Saturday, 1 October 2011

Dimensions of Expressions

R1232363L (Ricoh GX200)

Recently, I have had a debate with a Taiwanese photographers who has been winning in international photography contents.  One of the prizes he got is for a shot taken from his sobbing ladies series.  The debate is on whether emotional expressions like crying have a dimension of age.  That is to say, for example, whether the crying face of a person having mellowed through the tests of life show more depth than that of an innocent young girl.

Finally we made our own conclusion with me saying yes and he no. I still view that when one has tasted life deeper, the emotions flowing out from that person have a richer after-taste, if I can put it that way. When one fakes an emotion which doesn't belong to him or her, it just lacks punch and will easily tell.

Friday, 30 September 2011

Enter At Your Own Risk

R1232582L (Ricoh GX200)

What a scary look of this door guardian! It is a folk culture among the older Chinese to post on the entrance door two posters each of a door guardians. If you have a chance to see an exhibition of the Chinese relics, and there are archaeological finds of ancient tomb guard statues, check them out. Then you will see the resemblance between the door guardians  and those tomb guards in the facial features. Protruded eyeballs, gnawing teeth, angered look. And there is a reason for these – to scare intruders away. That's why they are there for.

Thursday, 29 September 2011

Raining and Windy

R1230604L (Ricoh GX200)

Hong Kong has the tropical cyclone, or known as typhoon in this part of the world, signal 8 hoisted (out of a scale to 10) for half a day today. All schools and offices have been closed. But we have an interesting social phenomenon here that people take it as a windfall holiday and dash to have yumcha and the movies.

The word typhoon has its root in a Cantonese term meaning Great Wind. The Answer.com gives a clear account of the word history:

"The history of typhoon presents a perfect example of the long journey that many words made in coming to English. It traveled from Greece to Arabia to India, and also arose independently in China, before assuming its current form in our language. The Greek word tuphōn, used both as the name of the father of the winds and a common noun meaning "whirlwind, typhoon," was borrowed into Arabic during the Middle Ages, when Arabic learning both preserved and expanded the classical heritage and passed it on to Europe and other parts of the world. Ṭūfān, the Arabic version of the Greek word, passed into languages spoken in India, where Arabic-speaking Muslim invaders had settled in the 11th century. Thus the descendant of the Arabic word, passing into English (first recorded in 1588) through an Indian language and appearing in English in forms such as touffon and tufan, originally referred specifically to a severe storm in India. The modern form of typhoon was influenced by a borrowing from the Cantonese variety of Chinese, namely the wordtaaîfung, and respelled to make it look more like Greek. Taaîfung, meaning literally "great wind," was coincidentally similar to the Arabic borrowing and is first recorded in English guise as tuffoon in 1699. The various forms coalesced and finally became typhoon, a spelling that first appeared in 1819 in Shelley's Prometheus Unbound."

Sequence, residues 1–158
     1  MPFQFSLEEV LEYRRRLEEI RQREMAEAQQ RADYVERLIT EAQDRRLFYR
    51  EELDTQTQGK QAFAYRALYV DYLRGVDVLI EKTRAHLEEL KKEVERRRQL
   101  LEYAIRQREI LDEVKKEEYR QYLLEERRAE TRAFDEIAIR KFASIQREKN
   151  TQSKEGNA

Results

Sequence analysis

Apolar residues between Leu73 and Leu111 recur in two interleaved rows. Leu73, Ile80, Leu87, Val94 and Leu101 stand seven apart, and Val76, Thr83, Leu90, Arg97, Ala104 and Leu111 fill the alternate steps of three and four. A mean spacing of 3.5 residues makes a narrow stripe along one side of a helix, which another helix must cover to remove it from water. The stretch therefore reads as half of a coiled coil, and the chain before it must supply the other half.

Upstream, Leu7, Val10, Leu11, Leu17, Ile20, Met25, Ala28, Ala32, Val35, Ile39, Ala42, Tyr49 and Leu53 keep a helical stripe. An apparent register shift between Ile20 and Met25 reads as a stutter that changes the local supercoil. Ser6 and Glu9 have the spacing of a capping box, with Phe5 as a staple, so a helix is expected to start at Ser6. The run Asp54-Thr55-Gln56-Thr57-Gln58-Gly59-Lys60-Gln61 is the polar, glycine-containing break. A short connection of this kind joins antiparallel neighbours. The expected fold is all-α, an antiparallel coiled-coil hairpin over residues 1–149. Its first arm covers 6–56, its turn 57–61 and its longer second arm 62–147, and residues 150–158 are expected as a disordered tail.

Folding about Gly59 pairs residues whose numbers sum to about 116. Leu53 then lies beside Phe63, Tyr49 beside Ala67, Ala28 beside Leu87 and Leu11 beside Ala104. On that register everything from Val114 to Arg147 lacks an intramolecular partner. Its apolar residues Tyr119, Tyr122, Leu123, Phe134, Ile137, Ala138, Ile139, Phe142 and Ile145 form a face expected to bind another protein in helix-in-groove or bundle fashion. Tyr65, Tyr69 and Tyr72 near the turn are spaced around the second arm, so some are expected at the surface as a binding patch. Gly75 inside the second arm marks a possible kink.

Here is a pictorial illustration of the word typhoon, great wind:

287112_10150399271330409_692680408_10274521_1184110265_o(by a Miss Chan)

Wednesday, 28 September 2011

Great Age

DSC03349L (Sony A55)

Her weathered face says it all.

Tuesday, 27 September 2011

Best Time for Visit

SAM_1569L (Samsung WB600)

Every year, from autumn between late September and early December to winter until early March, the weather in Hong Kong goes so increasingly dry that a gust of wind can almost crack any filmsy, plastic 20-year-old made-in-china step-up ring. But it is this period when Hong Kong enjoys the mind-cooling oceanic winds which blow the air pollutants to, supposedly so, where it comes from in Mainland China. The blue heavens open up the welcoming arms, as if chastising those whose time is spent in the office but ougth instead to have been savoured under the open sky.

If you are planning a visit to Hong Kong, do it now. A special recommendation is the many great hiking routes in Sai Kung, the backyard garden of the city. Or maybe I should organise a cultural tour or photographic tour or something. There are so many to see here! And, hey, this is the best time in a year.

Monday, 26 September 2011

Stop and Look Over

SAM_7955L (Samsung EX1)

If you are looking for a camera which offers great value for money, two-wheels M-mode operation, decent IQ up to ISO1600, a high-pixel swiveling display, a fast lens with decent optical performance, a whole bag of fun shooting modes, RAW capability, great menu operation and good built quality, you need to look no further beyond Samsung's EX1. I have played with it for 2 months and it is a great delight to use. Very versatile. In Hong Kong it is selling for around HK$2,500 (US$300 or GBP200) only. Worth considering.

Sunday, 25 September 2011

Lateral Thinking

DSC03762L (Sony A55)

This is Sunday. Be creative. Have a nice day!